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The Wall Street Journal reports that Dollar General CEO Rick Dreiling says that his company remains committed to acquiring Family Dollar, despite that company's rejection of its $9 billion cash offer. Family Dollar says that it plans to go forward with a deal to sell the company to Dollar Tree for $8.5 billion.

The Journal writes that "antitrust concerns are the main issue to bringing together the largest two players among the small discount stores. Dollar General proposed divesting up to 700 stores in its bid for Family Dollar but both sides are analyzing whether that would be enough to get the blessing of the Federal Trade Commission … One fear from the Family Dollar side is over an FTC test that would assess whether the retailers are more aggressive with prices in areas where their stores are nearby, compared with locations farther apart. If the agency finds that to be the case, they could force more store divestitures, or quash the deal altogether, over worries the merger would lead to higher prices for consumers."

The story goes on: "Dollar General and some Wall Street analysts say they believe the antitrust concerns are overblown. That is because Dollar General sets the prices for a 'vast majority' of its items on a national basis, according to a person familiar with the matter. The strategy means that a box of Oreo cookies or bottle of Tide detergent sells for the same price in Springfield, Mass., as in Albuquerque, N.M., regardless of the store's proximity to a Family Dollar store.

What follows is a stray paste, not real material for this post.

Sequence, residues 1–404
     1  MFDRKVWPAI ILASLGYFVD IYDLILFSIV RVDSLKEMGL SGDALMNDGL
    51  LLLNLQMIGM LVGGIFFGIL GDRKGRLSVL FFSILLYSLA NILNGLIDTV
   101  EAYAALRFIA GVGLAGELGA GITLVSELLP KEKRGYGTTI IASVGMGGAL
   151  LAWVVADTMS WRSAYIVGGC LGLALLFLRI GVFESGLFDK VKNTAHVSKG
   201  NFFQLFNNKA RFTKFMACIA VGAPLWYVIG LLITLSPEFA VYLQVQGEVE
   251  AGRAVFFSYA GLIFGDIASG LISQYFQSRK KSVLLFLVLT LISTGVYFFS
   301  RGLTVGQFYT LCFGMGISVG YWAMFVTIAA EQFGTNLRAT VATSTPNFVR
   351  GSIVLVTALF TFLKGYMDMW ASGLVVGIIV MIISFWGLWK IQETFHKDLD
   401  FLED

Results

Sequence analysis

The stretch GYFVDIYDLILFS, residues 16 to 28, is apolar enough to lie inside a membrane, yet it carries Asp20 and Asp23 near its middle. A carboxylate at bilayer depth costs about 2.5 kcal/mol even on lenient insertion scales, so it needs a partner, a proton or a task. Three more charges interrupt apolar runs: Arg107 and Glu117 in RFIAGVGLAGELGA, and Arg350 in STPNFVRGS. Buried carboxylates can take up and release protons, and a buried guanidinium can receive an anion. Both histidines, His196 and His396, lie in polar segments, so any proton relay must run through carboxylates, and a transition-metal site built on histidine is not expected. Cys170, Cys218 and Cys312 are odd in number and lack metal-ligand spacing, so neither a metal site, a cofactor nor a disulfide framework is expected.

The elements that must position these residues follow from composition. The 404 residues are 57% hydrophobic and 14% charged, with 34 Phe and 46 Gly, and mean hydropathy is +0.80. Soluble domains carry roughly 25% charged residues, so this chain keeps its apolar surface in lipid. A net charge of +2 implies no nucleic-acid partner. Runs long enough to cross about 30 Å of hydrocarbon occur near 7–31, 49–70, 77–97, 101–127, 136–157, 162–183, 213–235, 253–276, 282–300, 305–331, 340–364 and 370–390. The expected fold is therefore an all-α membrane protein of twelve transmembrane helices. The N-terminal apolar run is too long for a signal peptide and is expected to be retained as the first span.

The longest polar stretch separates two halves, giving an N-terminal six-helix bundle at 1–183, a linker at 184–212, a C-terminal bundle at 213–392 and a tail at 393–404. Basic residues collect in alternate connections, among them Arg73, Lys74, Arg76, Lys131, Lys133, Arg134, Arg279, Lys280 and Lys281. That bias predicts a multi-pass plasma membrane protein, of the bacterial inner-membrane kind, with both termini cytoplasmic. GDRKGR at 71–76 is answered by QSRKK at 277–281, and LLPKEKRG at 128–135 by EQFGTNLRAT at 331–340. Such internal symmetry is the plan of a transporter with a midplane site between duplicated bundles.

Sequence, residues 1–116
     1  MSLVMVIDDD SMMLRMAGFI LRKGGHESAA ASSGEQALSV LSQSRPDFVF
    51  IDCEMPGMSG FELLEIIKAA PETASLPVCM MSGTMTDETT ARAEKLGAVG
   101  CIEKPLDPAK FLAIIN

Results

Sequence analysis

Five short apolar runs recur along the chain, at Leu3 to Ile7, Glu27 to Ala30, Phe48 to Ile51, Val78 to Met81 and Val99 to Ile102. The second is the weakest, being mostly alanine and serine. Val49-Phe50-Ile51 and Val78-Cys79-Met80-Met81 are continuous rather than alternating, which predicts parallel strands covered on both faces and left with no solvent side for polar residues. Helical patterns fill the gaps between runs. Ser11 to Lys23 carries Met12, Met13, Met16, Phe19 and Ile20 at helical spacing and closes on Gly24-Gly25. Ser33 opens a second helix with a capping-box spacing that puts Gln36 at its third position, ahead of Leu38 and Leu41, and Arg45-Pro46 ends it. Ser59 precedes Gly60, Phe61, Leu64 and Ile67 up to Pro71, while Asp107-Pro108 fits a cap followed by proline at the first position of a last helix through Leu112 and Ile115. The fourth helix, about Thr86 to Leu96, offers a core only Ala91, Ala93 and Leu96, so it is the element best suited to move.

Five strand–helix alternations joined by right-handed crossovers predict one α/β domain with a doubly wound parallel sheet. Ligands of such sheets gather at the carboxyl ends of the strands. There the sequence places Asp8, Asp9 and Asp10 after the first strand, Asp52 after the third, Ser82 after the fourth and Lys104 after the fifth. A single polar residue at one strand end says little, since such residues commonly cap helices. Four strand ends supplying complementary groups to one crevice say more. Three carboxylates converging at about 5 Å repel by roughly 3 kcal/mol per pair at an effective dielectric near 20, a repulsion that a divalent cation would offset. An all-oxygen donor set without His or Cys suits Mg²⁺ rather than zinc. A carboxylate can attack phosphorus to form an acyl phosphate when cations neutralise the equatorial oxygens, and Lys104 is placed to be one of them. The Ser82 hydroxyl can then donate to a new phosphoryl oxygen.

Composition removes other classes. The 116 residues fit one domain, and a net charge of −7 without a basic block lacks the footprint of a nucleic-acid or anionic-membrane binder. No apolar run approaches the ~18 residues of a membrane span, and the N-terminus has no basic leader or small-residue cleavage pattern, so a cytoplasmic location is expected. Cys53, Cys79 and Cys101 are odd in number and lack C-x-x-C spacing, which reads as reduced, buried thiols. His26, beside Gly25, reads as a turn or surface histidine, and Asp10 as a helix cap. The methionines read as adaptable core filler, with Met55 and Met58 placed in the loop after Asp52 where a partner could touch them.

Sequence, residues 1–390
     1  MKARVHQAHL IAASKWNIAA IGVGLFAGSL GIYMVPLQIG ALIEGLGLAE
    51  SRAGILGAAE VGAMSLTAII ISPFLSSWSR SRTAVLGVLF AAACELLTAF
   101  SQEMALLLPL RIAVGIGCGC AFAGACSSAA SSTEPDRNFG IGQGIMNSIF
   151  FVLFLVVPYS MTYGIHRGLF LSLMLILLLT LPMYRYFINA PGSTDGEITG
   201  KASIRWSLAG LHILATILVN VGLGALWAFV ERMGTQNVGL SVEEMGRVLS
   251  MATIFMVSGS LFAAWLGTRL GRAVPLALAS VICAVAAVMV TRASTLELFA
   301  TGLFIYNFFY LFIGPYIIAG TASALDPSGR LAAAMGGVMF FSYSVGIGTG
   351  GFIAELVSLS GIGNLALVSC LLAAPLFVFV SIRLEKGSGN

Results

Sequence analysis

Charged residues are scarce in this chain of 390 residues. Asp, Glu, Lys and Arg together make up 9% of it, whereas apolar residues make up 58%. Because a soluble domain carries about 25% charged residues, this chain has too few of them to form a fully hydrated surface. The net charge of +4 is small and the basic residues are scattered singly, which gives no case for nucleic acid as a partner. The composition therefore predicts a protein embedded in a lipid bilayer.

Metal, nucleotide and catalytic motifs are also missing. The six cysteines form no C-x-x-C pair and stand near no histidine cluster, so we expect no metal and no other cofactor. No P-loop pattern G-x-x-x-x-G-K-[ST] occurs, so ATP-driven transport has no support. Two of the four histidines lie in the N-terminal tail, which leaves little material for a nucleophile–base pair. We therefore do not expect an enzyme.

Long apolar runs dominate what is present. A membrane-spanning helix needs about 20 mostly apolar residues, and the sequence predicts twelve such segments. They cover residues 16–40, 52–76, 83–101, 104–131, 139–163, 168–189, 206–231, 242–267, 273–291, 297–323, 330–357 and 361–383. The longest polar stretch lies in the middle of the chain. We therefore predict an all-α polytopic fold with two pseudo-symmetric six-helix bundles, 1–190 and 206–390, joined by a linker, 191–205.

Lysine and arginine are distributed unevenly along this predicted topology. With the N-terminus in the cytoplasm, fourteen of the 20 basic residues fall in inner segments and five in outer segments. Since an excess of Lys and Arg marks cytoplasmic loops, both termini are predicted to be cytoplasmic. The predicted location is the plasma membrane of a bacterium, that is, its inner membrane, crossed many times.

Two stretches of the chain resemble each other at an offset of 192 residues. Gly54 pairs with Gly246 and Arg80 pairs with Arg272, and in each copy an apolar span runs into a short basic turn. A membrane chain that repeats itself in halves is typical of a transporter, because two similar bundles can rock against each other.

"Dollar General is more concerned with prices at Wal-Mart, this person said. And combining with Family Dollar would be one way to better compete with the discounting behemoth, especially at a time when Wal-Mart is making a big push into smaller stores."

BREAKING NEWS: This morning, Dollar General announced that it is raising its bid for Family Dollar to $9.1 billion.

In addition, Dollar General pledged to pay a reverse termination fee of $500 million of their merger falls apart because of antitrust issues, and said it would be willing to more than double the number of stores it would be willing to divest because of antitrust issues to 1,500.

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